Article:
woke up, again, looked at the clock and said "Hmmm
        I see you lasted a little longer tonight." I think she is under
        the misconception that night testing should last all night.)
        By then it was 13 degrees and almost no wind.
        I was warm (not toasty) with a couple of cool spots
        which (as I tested out) could be alleviated with the
        closed cell foam sit pad I carry on trips (about 8"X12")
        For cold weather camping I would carry 2 of them.

        I had some ice and liquid water on the inside of the
        cocoon around my head, but no moisture anywhere on the quilt
        or on the cocoon from the waist down to my feet.

        I used an old bulky loose knit beanie as a face cover.
        It worked great, I breathed in warm moist air the whole
        time. I find breathing cold air very annoying
        when I'm trying to get to sleep. I'm getting crotchety
        (soft) as I get older.

        I had an indoor/outdoor thermometer on top of the
        quilt and it varied between 40 & 45 degrees. The air in
        the cocoon was cooler than that as you got away from the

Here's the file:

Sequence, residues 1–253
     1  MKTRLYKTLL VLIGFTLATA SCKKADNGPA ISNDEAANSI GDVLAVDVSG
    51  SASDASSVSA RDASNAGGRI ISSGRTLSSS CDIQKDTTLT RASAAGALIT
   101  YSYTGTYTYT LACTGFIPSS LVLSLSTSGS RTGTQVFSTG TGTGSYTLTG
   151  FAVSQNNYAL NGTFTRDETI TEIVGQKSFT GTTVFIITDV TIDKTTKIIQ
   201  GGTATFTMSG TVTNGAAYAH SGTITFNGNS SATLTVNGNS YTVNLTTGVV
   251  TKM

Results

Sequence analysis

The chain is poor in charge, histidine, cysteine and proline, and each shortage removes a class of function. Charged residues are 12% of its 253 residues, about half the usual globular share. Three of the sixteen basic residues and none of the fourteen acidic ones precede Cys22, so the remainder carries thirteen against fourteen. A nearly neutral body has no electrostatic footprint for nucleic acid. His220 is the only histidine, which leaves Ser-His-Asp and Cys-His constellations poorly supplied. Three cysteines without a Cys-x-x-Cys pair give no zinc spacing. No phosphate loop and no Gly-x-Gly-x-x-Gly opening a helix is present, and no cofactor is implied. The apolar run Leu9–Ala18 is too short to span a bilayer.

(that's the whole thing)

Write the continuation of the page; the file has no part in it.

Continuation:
surface of the quilt, but it was above freezing.
        If I do this again I will bring a clip to hang the thermometer
        from the ridge line to keep it off the quilt.
        If you don't like sleeping with something over your face, using
        the cocoon lets you breath air that is significantly warmer and
        moister than the outside air.

        If I had used my normal winter camping clothing, I would
        probably be warm down to 8 degrees or so. Wind would
        likely bump that up some, but when I fix the door flap,
        the wind should not be too bad. It will be interesting to
        test in more wind because I suspect as the cocoon flaps,
        air will be pumped in and out of the snorkels (ends)
        and the door. This will lower the inside air temp but will
        also exhaust moisture.

        I like the concept and will add 2 Cuben fabric windows so
        I can see out both sides.

        Paul